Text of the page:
Keen Ice was unable to give American trainer Dale Romans his second Dubai World Cup on Saturday night at Meydan, but the occasion did give the Kentucky horseman a chance to take a swipe at racing in his homeland and roll out his case for a Hong Kong trainer’s licence should a vacancy emerge.
Romans, who turns 50 in August, is known to have had an unofficial chat and tour of the facilities with club officials when he brought Little Mike for the Longines Hong Kong International Races in 2013.
The winner of scores of Group One events, including the 2005 Dubai World Cup, a Preakness Stakes and Breeders’ Cup events, Romans handed American Pharoah a rare racecourse defeat with Keen Ice last August at Saratoga but had to be content with the horse filling eighth behind California Chrome on Saturday.
However, the trainer made it clear to the Post that he is ready and willing to shift base to Hong Kong if a spot becomes available should Sean Woods or Andreas Schutz not make the performance criteria for a third time - and if the club wants to license him.
Watch Dale Romans-trained Shackleford win the 2011 Preakness Stakes
“I’m ready for an adventure and I’m so sick of what’s happened to the sport in the US. I’m done with it,” Romans said. “I’m a horseman and I think races should be won by the better horseman, not something else. I was very impressed with what I saw in Hong Kong when I was there and I know that, because the vet side of racing is so tightly controlled there, it’s the superior horseman who will succeed. They’ve never had an American trainer but if they want me, I’d love to train there.”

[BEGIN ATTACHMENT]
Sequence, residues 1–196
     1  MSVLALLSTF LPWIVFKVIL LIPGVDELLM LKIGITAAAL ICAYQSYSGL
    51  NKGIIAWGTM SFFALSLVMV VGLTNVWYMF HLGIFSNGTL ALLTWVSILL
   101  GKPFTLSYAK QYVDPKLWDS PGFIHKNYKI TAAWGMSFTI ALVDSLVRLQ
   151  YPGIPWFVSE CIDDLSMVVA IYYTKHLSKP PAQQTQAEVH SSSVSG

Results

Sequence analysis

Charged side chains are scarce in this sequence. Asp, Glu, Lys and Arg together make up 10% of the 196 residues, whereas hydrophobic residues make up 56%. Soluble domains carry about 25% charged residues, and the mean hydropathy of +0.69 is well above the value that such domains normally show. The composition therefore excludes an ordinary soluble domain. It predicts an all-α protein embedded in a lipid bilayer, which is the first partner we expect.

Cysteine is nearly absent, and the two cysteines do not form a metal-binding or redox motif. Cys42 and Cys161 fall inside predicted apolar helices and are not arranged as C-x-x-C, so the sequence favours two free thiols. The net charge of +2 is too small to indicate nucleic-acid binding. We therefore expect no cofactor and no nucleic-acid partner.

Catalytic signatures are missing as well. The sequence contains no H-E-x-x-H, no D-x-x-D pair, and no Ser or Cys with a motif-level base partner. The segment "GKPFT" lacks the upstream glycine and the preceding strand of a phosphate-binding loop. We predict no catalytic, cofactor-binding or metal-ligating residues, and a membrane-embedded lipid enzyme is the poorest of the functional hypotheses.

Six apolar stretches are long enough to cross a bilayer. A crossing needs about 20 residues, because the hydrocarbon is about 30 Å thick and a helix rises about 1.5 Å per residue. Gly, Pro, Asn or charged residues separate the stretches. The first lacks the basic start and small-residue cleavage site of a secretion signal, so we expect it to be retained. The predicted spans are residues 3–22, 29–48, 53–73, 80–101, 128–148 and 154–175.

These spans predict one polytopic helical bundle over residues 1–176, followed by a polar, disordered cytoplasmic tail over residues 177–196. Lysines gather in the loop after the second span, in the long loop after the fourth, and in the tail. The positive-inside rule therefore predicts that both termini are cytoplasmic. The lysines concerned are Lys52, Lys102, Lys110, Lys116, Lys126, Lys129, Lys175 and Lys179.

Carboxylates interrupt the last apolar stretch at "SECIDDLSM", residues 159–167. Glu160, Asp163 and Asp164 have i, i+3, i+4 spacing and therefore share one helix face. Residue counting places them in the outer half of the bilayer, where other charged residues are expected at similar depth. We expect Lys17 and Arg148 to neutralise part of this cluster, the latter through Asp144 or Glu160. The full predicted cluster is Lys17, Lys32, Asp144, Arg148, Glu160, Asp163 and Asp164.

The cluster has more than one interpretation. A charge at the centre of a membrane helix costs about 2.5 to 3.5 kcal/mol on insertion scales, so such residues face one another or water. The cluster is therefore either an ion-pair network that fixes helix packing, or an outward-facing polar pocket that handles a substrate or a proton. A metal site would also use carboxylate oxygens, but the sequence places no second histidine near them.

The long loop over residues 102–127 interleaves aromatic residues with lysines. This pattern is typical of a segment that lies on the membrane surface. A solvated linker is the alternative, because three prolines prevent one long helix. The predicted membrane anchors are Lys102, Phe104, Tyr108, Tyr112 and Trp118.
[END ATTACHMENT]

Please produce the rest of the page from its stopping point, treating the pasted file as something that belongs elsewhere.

Romans is an interesting option because the club policy has been to replace outgoing “northern hemisphere” trainers with another northern hemisphere trainer, a suitable candidate has not always been easy to find, and both Schutz and Woods would be classed that way.
Romans has an advantage over Europeans in that he is accustomed to training on circle racetracks, not more open ground, and said he would not be fazed by the move to two separate bases, Sha Tin and Conghua, a change anticipated for Hong Kong’s trainers in two years from now.
“That’s what we do all the time in the States. All year long we have separate teams of horses being trained at different tracks in different parts of the country,” Romans said. “And I think my runners would have a big following from horseplayers in the States now that there’s so much simulcasting of the Hong Kong races to America. I think I could help with that.”